I am sure that by now others have shown you your own company’s 1981 ad, the one with the adorable little girl in the overalls with the red braids holding up something she has made all herself, no pre-fab mirrors and perfume bottles needed, with the slogan “What it is is beautiful.” I am sure that someone (likely millions of someones) have brought your attention to the sick, horrible irony of what you gave that girl back then- the same as the boys, the same as everyone- and what you are giving her today- six new shades of lavender and pink; dolls who do nothing but sit by the pool; bottles of perfume and beauty parlors. More telling to me, though, is what you are not giving her today- tools, weapons, trees to climb, or spaceships, boats, and houses to make. Back when your first ad was made all of those things had to be made with blocks; there were endless opportunities. Now, there is nothing to do except climb in the pre-made tree house, shop in the store that is already there, and drive around in the car built by machine.
Please, Mr. Knudstorp. Please bring back real Legos. If you want to appeal to girls, create more sets. Expand your horizons. But instead of expanding into stereotypical girl territory, try hooking a bunch of boys as well by creating a library set, a computer room set, or a boat set. What about one with a soccer field, or a pool? Or- and I know that this may be shocking- what about simply giving kids the same old blocks in the same old colors and letting us make beautiful?
I think you might be surprised at the results.
P.S. If you take your current sexist set off the market, or even just market your new sets to boys and girls, I promise I will go buy some of your regular Legos.
Thank you so much for sending in this excellent letter. I just posted it. Keep building and writing.
This has made me so agitated that I’m about to write my own post about it. Lego was one of he few toys that was reliably “safe” when it came to gender, except of course that the cops and firefighters are always male… but still, relatively speaking, they were pretty cool. Now, it’s depressing:(
I just saw your comment. I LOVE your post!!! I put it on my blog at SFGate and on FB. I hope you put it on Lego’s FB page.
Exactly Margot, well said!!
It’s funny how people who are complaining about the new Lego Friends range always post the picture of the girl in the hot tub, and never the girl building a robot in her workshop. I honestly don’t believe that these new toys are perpetuating stereotypes – on the contrary, they are combating them.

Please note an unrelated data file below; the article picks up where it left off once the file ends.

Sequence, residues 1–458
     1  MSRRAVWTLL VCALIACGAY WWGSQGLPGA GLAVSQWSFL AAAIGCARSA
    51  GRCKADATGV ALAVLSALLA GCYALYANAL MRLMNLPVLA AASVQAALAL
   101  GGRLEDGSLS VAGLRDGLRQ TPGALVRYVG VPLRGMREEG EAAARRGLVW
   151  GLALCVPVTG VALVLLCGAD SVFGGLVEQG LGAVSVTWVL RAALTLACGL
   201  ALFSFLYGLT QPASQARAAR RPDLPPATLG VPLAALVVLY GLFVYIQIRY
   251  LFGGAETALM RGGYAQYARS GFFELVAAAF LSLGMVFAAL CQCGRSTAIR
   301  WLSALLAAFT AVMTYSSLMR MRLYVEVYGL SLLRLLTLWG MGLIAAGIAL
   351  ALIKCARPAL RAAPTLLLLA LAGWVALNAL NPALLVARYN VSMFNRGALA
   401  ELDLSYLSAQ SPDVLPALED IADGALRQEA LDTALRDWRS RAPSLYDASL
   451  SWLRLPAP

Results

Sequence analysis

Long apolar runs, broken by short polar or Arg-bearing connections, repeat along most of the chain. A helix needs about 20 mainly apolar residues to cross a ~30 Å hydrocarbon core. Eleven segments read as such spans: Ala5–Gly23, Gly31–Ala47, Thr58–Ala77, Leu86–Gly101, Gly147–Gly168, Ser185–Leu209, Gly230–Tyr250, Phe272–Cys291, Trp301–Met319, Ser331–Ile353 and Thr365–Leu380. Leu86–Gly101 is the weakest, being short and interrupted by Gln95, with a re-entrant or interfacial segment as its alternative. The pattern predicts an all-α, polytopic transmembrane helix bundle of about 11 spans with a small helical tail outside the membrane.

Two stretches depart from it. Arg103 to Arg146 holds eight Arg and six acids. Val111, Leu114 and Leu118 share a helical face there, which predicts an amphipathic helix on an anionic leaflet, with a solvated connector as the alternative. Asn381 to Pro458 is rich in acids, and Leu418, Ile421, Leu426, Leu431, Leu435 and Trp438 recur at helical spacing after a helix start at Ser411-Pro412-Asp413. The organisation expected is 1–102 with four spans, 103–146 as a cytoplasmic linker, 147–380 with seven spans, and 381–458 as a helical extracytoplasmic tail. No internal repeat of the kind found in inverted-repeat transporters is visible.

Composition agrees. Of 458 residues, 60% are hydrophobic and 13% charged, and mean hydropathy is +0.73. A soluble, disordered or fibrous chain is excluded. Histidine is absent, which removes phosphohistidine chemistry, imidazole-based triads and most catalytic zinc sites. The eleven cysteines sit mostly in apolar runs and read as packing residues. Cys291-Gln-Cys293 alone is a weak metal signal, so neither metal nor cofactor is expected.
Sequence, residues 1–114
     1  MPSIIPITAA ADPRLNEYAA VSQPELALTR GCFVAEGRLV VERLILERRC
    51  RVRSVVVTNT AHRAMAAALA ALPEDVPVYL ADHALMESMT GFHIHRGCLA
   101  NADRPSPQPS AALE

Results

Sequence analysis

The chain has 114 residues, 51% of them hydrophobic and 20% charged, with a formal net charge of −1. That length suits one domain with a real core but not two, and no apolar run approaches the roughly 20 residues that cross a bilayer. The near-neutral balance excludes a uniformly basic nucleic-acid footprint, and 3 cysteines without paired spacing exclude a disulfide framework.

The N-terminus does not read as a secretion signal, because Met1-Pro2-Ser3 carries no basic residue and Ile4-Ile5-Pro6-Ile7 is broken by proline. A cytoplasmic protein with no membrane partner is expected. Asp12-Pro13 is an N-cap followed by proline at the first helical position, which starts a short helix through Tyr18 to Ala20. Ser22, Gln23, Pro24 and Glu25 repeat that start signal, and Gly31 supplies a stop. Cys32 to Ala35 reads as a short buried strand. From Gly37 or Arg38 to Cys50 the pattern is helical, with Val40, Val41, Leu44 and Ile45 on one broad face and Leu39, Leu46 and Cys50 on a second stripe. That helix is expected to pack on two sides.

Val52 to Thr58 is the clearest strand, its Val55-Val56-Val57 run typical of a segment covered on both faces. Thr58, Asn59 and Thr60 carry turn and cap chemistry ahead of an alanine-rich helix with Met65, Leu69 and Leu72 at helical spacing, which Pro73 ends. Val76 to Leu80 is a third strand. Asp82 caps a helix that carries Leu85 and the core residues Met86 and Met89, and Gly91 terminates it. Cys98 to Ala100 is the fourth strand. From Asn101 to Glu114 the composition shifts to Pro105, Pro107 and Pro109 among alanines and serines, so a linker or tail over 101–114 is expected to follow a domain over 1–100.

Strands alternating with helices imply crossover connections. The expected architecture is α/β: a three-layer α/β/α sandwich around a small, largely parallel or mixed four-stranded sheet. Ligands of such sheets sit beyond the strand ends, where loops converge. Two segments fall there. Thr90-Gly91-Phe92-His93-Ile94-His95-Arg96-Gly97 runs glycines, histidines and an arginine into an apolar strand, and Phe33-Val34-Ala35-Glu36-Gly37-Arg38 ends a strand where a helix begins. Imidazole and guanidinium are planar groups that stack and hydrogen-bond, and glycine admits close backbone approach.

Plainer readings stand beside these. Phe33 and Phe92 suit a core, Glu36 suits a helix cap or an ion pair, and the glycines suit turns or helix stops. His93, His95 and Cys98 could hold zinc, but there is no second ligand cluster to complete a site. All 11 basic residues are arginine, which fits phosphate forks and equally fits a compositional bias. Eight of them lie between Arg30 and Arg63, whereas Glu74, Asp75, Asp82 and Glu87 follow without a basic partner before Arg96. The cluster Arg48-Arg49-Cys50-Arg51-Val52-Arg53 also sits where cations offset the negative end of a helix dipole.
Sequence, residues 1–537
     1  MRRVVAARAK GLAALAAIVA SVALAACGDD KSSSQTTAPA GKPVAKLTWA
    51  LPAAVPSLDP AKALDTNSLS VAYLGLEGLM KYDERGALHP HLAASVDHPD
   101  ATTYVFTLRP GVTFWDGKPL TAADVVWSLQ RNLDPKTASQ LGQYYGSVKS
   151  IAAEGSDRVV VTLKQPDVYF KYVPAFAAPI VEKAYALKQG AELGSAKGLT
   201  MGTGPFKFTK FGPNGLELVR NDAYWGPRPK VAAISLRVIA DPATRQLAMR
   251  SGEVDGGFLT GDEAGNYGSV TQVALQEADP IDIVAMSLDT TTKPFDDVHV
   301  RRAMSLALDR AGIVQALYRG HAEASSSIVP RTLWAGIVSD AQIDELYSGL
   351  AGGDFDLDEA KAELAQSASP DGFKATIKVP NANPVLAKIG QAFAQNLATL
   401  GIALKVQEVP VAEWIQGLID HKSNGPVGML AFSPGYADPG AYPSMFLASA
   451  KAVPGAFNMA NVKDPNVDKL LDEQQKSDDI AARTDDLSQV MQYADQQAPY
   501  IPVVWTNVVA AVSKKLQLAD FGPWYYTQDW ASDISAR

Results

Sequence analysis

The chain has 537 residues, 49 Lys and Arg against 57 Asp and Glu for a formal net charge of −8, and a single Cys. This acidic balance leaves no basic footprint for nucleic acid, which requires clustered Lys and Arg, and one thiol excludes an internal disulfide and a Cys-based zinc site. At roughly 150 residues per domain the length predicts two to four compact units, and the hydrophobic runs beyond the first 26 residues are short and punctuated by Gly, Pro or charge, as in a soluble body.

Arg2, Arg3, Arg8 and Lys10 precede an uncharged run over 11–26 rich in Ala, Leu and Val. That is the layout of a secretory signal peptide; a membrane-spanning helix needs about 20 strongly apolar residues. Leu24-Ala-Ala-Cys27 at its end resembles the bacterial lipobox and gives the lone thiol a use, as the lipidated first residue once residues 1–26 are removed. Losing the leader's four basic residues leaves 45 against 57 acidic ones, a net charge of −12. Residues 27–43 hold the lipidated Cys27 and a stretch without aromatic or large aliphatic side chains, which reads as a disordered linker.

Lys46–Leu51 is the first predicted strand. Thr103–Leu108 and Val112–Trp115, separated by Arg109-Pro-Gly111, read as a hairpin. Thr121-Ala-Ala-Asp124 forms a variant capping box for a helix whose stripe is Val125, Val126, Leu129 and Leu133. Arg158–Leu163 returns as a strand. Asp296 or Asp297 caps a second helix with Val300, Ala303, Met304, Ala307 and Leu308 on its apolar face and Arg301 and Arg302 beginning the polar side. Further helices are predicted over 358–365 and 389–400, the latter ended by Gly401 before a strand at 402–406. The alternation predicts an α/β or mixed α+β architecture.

All I know is that my nearly-4-year-old daughter, who loves Star Wars and pirates as much as she loves Disney movies and My Little Ponies, has told me that she likes the look of these new Lego toys even more than the ones she already has.
If pink bricks make Lego more appealing to young girls, I think we will end up with more female architects, not fewer.
There’s nothing to build in these Legos. I’ve read about Lego being a ‘gateway toy’ luring girls in with the pink bricks, but the pinkness is all a made up marketing contrivance as well. The more we take pink for granted, the more we perpetuate this ridiculous gender stereotyping.
Nothing to build? Are you only looking at the image above, or are you looking at the full range of sets? (Images available at http://thebrickblogger.com/2011/10/2012-lego-friends-pictures/)
The hot tub set is the equivalent of the $6 cheapo sets like the Ninjago training shrine or the Lego City speed boat. It’s an extremely basic set with a minifigure and a small handful of bricks. It’s not meant to be hard to build.
Some of the other sets, however, look fairly complex. The treehouse, vet clinic, and family house are as complex as anything else in Lego’s 5-12 year range. Unlike some of their previous “girl” sets, these ones are entirely built with bricks, instead of the pre-fab wall sections.
I tentatively agree with your point about pink being a marketing contrivance, but it’s a powerful one. I’ve worked very hard at protecting my daughter from gender stereotypes, but our house is gradually filling up with pink clothes, toys, and furnishings in spite of my best efforts. If our society is going to ram pink down little girls’ throats, then I’d still rather have them playing with pink lego bricks than Barbie dolls. So it’s not a matter of taking pink for granted, in my opinion, but of beating the enemy’s swords into ploughshares.
Its not that its “hard” to build, its that its not creative to build. This set limits imagination instead of inspiring it.
I get what you’re saying about pink but this is serious issue. I really believe that. Its messing with kids brains to give them one color. We can’t accept it.
Here bloody here.
Wonderful letter Margot! There’s an interesting discussion about this issue at Feministe by the way.